Out of the Shadows

shadow badge w borderWhen I was a seven year old girl and just learning to hate my body, a group of women were choosing to stop hating theirs.  Today is the 30th anniversary of the book Shadow on a Tightrope:  Writings by Women on Fat Oppression and some bloggers on the Fatosphere are celebrating with a blog carnival.  More than ten years later when I had the idea that I could maybe learn to actually like my body, I found amazing support in the fatosphere and books like Fat?So! by Marilyn Wann and Health at Every Size by Linda Bacon, and finding and reading Shadow gave me a connection to the history of the movement that continues to be really important to me (it was a big part of the impetus for the Fat Activist History Project). My copy remains a prized possession.

I was and am so moved at how these women came together – without the internet, the fatosphere, facebook, or smartphones –  how they rose up from a society that was fully entrenched in fat phobia, and helped to start a movement from scratch.   This book and the amazing women who wrote it inform my activism everyday.  I want to live up to the example they set, I want to honor their work and sacrifice. So today’s blog is a thank you to the women who rose up from societal shame and stigma, called it what it was and is (oppression,) and put another option on paper that I was lucky enough to find.  From the bottom of my big fat heart, thank you:

Lisa Schoenfielder

Barb Wieser

Vivian Mayer

Sharon Bas Hannah


Marianne Ware

Joan Dickenson

Kate Allen

Lynn Mabel-Lois

Terre Poppe

Leah Pesa Kushner

Lynn Levy

Susan Norman

Veronica Hubbard

Judith Stein

Doris K.

Judy Freespirit

Sue McCabe

Cynthia Riggs

Elana Dykewomon

Betty Shermer

Kathleen Hagen

Robin Goldner

Mona Hudson

Martha Courtot

Laurie Ann Lepoff

Karen Scott-Jones

Nedhera Landers

Judith Masur

Marjory Nelson

Sandra Tyler

Kate Allen

Like my blog?  Here’s more of my stuff!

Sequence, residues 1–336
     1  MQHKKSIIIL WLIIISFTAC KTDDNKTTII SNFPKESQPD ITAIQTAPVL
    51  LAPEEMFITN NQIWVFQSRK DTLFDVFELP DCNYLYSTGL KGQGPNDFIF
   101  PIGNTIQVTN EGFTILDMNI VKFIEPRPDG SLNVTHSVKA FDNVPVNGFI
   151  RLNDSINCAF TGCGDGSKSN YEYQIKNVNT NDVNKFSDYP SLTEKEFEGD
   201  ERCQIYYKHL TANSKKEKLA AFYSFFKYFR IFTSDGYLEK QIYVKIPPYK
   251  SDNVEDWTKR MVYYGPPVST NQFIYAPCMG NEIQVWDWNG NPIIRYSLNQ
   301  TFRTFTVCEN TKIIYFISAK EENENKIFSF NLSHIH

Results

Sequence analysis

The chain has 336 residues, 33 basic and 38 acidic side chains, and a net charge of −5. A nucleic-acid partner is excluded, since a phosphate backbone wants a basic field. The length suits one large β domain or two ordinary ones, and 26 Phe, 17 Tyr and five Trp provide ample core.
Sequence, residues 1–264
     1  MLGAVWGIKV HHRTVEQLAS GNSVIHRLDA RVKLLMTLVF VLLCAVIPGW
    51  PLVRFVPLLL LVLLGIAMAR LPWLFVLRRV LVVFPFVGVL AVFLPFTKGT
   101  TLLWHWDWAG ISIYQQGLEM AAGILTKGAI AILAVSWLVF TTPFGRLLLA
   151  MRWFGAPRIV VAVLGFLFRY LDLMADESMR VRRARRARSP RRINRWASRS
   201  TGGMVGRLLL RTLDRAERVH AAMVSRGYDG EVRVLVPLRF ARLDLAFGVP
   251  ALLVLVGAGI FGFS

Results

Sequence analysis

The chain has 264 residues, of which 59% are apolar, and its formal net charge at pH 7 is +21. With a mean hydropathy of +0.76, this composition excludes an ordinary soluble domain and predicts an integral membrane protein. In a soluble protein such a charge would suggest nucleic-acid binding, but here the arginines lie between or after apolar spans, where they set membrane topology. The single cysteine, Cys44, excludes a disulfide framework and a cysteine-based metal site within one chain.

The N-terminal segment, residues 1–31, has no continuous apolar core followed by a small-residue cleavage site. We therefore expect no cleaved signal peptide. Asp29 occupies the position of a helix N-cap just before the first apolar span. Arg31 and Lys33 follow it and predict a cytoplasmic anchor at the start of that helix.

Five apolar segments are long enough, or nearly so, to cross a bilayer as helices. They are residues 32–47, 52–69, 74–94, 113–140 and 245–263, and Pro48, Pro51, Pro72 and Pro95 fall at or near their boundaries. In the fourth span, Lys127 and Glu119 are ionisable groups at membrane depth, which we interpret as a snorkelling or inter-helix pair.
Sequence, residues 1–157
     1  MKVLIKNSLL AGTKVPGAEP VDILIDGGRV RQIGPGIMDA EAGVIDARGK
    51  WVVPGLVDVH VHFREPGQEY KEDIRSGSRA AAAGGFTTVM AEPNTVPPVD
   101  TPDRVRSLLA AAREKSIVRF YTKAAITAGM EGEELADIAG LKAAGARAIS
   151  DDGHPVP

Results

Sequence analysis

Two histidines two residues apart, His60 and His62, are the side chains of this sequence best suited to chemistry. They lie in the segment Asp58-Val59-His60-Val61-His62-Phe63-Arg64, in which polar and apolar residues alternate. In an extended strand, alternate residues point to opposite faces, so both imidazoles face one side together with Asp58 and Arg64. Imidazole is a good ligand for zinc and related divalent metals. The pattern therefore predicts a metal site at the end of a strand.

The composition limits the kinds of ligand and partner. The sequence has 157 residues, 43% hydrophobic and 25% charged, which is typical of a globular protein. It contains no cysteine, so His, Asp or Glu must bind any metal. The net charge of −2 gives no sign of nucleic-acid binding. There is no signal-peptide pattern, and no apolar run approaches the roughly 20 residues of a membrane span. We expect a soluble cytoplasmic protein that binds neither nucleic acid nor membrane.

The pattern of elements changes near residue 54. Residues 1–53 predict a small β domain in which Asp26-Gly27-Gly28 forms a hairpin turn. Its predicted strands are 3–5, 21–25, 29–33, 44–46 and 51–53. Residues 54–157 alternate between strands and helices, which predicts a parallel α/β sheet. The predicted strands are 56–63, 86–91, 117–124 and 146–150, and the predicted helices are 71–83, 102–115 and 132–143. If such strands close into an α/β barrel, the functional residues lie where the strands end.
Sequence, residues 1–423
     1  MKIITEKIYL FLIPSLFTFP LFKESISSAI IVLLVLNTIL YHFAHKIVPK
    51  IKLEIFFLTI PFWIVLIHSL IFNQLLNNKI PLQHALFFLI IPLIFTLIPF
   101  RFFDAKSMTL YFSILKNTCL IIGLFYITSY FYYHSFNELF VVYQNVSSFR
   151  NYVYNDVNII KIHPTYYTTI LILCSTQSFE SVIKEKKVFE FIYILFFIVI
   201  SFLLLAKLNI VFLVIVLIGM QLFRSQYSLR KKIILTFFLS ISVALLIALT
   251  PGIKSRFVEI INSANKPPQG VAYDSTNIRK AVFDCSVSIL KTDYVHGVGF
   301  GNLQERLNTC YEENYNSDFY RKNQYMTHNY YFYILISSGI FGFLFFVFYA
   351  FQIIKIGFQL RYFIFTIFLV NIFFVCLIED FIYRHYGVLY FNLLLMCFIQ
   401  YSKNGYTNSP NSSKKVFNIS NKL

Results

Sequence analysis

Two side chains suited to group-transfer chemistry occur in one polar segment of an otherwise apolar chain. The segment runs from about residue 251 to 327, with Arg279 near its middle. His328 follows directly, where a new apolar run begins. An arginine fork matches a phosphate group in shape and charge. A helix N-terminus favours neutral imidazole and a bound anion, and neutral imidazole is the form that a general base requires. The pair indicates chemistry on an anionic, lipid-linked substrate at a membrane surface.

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Interviews with Amazing Activists!!  Help Activists tell our movement’s history in their own words.  Support In Our Own Words:  A Fat Activist History Project!

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If my selling things on the blog makes you uncomfortable, you might want to check out this post.  Thanks for reading! ~Ragen

10 thoughts on “Out of the Shadows

  1. Shadow on a Tightrope was the book that opened my eyes. I was working at a university in the midwest when I found this book, and I was blown away by the concepts, the honesty, the sheer connection to what I was feeling. Somewhere over the years, I lost my original copy (it was falling apart from being read and re-read), and I replaced it as soon as I discovered it was missing from my bookshelf. My copy is a treasured friend that gets pulled out and read again, often, even after all these years. My love and gratitude to the authors, and to you Ragen for honoring them today.

  2. The activists who publish work like Shadows don’t realise how influential they are. I used to run a bookshop years ago. So long ago, it was before the internet! One day when I was reading one of my suppliers’ catalogues, Carol A. Wiley’s ‘Journeys to Self-Acceptance: Fat Women Speak’ jumped out at me. Just the title, even just seeing ‘fat’ used as a description rather than an insult, and seeing ‘self-acceptance’ used in the same breath, was radical for me back then. Ordering the book felt like ordering contraband, and in a way, it was. Reading it was revolutionary. \o/

  3. Ordered the book (thanks for the link), Paid for speedy delivery so the book will be here (and prominently displayed) when my fat-phobic mother visits next week.

  4. I received the book as a gift and it changed my life as a teenage girl. I started to get the idea that I might actually have the right to fight for myself and my own happiness. It took 2 years but, it was that book that gave me the strength to tell my family to fuck off when they tried to gift me with another subscription diet plan. Shadows On A Tightrope should be required reading at the start of middle school (along with a few others).

  5. It was wonderful to read the names of these pioneers. Sadly, not all of them are still alive, but their work lives on! I will revisit my copy of the book this week…

    Their energy, thought by some critics to be radical at the time, turned out to be just what the movement (size acceptance, fat liberation, whatever) needed!

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